Friday, December 03, 2010

Revenge: Slippery slope to hell

One week ago in our town of Portland, Oregon, a young man who apparently saw his mission as revenge allegedly tried to blow up more than 10,000 friendly families and individuals who were at Pioneer Courthouse Square for the annual Christmas tree lighting. The FBI sting operation produced an affidavit in which the young man is reportedly on record as saying he has been wanting to join jihad since he was 15.

This is called passive-aggression, that is, we formulate vengeful ideation and plot or hope to gain enough power to strike back at perceived wrongs. It's how we operate as individuals and as groups when we are at our worst. It's natural and we can override those impulses but part of that depends on our social norms, which are less stable than ever, thanks to a globalization of everything and therefore an instantaneous validation for virtually everything.

The best revenge is to live well, not to seek to hurt others. If I crush someone, they naturally will want to hurt me. If they succeed, I naturally will want to try to crush them again. A young Muslim watches television and sees US troops in a mosque in Iraq, shooting unarmed and injured Iraqis. He reads about US troops raping a Muslim girl and killing her and her family. He sees countless images of US soldiers smashing in doors in cities in Iraq and Afghanistan, screaming in English at terrified Muslim civilians as little Muslim girls in hijab cry. He learns about the death toll of Muslim civilians mounting in Pakistan, Afghanistan, Iraq and he feels his rage rising. Maybe he even decides to give up all his easy privileges in the US and tries to go to Yemen to join jihad. When he does, he has entered the cycle of revenge and it's a matter of time until he does something that will likely fuel more conflict, more desire to kick down the doors of more Muslims, and the spiral of destructive conflict continues.

And so after the 1999 end of the Shining Path 30-year terrorist insurgency in Peru, the Shining Path is back. How odd? No, how normal. Conflict recurrence is the norm, not new armed conflict, for the majority of armed conflicts on Earth. It is almost always largely due to unresolved grievance and revenge.

Indeed, by the latest published data analysis, Peace and conflict 2010, active armed conflict remains at levels well above the Cold War period, when we had the standoff of the imperial peace of Pax Americana v Pax Sovieticus, when 7-35 armed conflicts were in play from year to year, trending upward from eight in 1946 to 38 in 1987. We are at approximately 26 now and most are recurrences. 2005 was the most striking example of a jump from 20 armed conflicts in 2004 to 27 in 2005, entirely because of seven recurrences of armed conflict that had been 'settled.'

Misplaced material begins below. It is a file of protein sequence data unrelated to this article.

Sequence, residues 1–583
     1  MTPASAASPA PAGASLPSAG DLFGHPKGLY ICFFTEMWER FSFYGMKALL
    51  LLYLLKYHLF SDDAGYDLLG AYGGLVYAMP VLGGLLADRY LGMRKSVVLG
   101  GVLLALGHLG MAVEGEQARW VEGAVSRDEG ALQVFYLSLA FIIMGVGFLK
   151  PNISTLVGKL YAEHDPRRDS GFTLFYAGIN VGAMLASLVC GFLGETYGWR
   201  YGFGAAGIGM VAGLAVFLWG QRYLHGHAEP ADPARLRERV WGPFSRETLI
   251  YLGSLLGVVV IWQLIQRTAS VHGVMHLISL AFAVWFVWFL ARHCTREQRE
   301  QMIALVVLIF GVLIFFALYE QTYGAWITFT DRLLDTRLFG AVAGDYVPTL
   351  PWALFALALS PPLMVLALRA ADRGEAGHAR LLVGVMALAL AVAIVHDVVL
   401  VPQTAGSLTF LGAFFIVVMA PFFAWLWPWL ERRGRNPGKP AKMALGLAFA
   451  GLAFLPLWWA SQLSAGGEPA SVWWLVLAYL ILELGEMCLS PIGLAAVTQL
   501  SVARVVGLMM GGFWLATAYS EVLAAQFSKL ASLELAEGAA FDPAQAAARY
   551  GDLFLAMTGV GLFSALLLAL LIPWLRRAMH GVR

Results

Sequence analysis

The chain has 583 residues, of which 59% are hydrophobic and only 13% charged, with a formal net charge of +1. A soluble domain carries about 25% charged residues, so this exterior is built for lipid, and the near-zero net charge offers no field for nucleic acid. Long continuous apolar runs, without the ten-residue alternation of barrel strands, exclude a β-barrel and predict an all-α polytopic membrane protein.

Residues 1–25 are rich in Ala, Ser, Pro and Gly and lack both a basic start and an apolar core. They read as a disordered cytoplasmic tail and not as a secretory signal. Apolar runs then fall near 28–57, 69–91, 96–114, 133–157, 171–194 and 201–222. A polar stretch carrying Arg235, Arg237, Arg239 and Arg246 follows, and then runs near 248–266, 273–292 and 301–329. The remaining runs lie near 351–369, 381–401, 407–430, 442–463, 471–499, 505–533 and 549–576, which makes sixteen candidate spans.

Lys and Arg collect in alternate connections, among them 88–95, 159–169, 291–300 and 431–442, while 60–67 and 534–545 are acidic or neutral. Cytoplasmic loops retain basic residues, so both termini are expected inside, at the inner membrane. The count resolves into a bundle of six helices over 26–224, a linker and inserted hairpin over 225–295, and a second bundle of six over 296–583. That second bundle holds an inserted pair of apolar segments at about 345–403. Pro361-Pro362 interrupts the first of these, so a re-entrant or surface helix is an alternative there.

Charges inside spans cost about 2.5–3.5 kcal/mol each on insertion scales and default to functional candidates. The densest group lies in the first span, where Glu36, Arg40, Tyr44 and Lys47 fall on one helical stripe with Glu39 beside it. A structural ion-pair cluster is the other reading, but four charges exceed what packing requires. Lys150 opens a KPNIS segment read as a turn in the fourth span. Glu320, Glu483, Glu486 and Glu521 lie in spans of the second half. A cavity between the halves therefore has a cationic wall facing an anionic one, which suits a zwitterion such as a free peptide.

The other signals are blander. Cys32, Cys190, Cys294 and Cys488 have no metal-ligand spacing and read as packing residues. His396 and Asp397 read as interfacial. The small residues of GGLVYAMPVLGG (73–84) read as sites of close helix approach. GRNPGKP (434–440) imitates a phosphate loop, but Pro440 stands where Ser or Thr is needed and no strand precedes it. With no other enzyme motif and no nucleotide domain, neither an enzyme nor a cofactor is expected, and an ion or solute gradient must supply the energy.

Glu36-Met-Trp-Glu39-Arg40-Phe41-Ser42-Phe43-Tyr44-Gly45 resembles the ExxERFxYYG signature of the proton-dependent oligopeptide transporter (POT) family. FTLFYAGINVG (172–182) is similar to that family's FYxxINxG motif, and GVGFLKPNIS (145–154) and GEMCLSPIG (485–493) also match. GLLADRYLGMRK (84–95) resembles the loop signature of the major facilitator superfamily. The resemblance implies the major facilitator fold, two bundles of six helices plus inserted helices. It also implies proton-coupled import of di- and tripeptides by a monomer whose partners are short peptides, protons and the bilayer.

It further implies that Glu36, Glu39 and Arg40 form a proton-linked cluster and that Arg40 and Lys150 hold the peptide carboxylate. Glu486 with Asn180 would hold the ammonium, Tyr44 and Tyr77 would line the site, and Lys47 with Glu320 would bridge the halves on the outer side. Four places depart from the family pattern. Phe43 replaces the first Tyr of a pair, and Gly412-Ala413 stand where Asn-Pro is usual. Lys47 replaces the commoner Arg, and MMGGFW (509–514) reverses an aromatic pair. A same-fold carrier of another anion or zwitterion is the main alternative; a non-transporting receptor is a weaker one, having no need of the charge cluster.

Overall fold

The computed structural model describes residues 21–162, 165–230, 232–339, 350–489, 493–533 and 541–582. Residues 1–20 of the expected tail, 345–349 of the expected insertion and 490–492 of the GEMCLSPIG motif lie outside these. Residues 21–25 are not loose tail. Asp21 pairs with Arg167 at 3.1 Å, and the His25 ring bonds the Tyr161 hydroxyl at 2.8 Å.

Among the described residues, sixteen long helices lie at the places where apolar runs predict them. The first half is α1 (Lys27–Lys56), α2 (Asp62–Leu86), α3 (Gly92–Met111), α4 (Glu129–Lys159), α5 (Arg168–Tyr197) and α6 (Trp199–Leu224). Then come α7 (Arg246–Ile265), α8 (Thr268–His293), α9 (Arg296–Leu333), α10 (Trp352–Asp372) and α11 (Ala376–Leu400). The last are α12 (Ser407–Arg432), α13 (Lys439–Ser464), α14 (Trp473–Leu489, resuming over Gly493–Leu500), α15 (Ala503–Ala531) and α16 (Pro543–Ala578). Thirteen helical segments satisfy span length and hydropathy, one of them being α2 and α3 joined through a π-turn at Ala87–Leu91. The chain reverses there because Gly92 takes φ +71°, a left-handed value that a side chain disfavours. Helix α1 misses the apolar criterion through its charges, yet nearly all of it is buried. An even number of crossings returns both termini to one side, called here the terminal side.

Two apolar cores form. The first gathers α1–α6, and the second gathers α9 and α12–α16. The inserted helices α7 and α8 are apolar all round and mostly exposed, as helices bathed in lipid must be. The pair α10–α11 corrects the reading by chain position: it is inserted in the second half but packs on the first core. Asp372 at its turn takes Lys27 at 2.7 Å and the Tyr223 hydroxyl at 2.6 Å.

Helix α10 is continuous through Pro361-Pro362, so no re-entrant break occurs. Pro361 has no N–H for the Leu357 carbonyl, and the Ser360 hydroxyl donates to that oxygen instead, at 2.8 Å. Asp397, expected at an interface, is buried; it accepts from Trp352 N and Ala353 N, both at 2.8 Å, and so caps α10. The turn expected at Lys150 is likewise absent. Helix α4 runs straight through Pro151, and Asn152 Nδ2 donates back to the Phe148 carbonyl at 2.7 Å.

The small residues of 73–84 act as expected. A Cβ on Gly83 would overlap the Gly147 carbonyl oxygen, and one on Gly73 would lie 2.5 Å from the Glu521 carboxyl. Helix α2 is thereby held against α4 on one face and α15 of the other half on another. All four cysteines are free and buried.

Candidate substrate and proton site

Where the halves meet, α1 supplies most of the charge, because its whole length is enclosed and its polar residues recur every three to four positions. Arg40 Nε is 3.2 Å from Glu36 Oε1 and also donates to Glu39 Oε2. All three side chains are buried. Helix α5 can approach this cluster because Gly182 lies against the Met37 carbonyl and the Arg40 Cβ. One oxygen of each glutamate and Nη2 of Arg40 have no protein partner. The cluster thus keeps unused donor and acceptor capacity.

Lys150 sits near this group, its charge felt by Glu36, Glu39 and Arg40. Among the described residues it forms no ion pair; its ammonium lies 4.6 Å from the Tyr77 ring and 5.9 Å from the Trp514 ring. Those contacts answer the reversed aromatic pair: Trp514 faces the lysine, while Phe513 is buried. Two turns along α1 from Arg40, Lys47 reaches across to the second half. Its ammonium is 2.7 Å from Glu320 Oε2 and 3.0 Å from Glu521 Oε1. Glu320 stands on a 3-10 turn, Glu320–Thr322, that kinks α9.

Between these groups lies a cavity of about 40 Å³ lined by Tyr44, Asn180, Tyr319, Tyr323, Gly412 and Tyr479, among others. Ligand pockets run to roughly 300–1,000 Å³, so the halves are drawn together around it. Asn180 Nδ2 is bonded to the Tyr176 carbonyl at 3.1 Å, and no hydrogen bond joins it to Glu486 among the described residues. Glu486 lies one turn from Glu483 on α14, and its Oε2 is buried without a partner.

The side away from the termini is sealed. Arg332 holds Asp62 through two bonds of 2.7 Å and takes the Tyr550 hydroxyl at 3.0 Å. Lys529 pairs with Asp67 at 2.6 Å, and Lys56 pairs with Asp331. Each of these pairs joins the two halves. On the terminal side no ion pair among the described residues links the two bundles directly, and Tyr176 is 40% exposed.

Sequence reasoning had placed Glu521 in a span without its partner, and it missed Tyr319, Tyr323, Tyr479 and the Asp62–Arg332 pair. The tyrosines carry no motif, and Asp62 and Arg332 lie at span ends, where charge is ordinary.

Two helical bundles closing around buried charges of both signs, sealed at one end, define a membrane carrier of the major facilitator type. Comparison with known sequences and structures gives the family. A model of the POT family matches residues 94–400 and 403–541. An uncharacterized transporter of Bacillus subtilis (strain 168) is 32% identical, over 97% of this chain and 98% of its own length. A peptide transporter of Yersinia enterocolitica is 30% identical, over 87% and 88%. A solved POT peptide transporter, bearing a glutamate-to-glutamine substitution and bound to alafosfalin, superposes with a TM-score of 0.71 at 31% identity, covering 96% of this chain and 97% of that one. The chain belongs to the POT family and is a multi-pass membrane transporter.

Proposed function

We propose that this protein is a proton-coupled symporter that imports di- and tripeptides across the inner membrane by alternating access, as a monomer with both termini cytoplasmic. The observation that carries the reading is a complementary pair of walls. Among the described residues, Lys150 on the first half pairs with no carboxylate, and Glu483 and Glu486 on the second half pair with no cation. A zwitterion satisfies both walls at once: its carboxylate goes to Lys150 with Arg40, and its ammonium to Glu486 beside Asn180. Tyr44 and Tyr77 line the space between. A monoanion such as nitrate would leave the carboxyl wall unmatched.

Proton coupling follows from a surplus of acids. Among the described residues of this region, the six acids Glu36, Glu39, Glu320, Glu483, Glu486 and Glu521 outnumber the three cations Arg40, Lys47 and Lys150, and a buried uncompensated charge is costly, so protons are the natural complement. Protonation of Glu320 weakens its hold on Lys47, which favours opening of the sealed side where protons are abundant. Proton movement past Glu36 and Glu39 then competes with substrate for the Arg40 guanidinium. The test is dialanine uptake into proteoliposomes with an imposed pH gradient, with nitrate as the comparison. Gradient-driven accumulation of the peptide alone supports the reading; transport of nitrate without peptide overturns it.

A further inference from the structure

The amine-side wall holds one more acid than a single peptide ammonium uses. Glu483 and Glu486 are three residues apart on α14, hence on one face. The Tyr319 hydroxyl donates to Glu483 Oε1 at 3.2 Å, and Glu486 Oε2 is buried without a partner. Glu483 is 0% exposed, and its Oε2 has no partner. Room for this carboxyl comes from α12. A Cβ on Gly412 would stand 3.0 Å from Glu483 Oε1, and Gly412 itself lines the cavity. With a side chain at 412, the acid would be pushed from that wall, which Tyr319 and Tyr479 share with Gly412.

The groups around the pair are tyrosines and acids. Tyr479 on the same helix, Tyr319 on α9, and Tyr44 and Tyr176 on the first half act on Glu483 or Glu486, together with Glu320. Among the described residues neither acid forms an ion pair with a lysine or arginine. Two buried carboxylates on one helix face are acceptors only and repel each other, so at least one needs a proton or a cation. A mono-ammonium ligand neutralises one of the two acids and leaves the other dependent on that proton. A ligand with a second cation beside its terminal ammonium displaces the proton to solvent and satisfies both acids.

Sometimes fresh offenses trigger recurrence. Often it happens because all the stakeholders were not at the negotiating table and the peace was unstable enough so that spoilers succeeded in unraveling the agreement. Often the fighters have literally no other way to survive than to pick up the gun again, and society can either become rampant with crime or revert to armed struggle, the impacts of which are similar for the citizenry. War crimes? How redundant. War is crime.

At the end, the lesson is that signing a peace of paper declaring the peace is a very nice thing to do and ought to precipitate a big celebration--but the peace requires harder work than did the war in some emotional ways, including most importantly the new social norm of the end of retribution. As long as we value vengeance, and act on that value, we will pay dearly and so will our children and our grandchildren. The costs of war are intergenerational, lingering, and increasingly insurmountable as we make those mistakes repeatedly without correction. It is emotionally easy to do and it is literally a slippery slope to hell.

Nonviolence requires redacting revenge from our menu of emotional options. That is harder and is a seemingly Sisyphean climb out of our difficulties, but the alternatives to nonviolence are all worse. Kicking down countless doors or fantasizing about blowing up Christmas tree celebrants are ultimately so costly to all that we will be required to rethink revenge. Unlike our Hollywood consequence-free conquests, reality revenge has a pricetag that requires periodic payments and payback, and usually turns our loved ones into targets. "There ain't but one way out." Nonviolence.

Hewitt, J. Joseph; Wilkenfeld, Jonathan; Gurr, Ted Robert (2010). Peace and conflict 2010. Boulder, CO: Paradigm.

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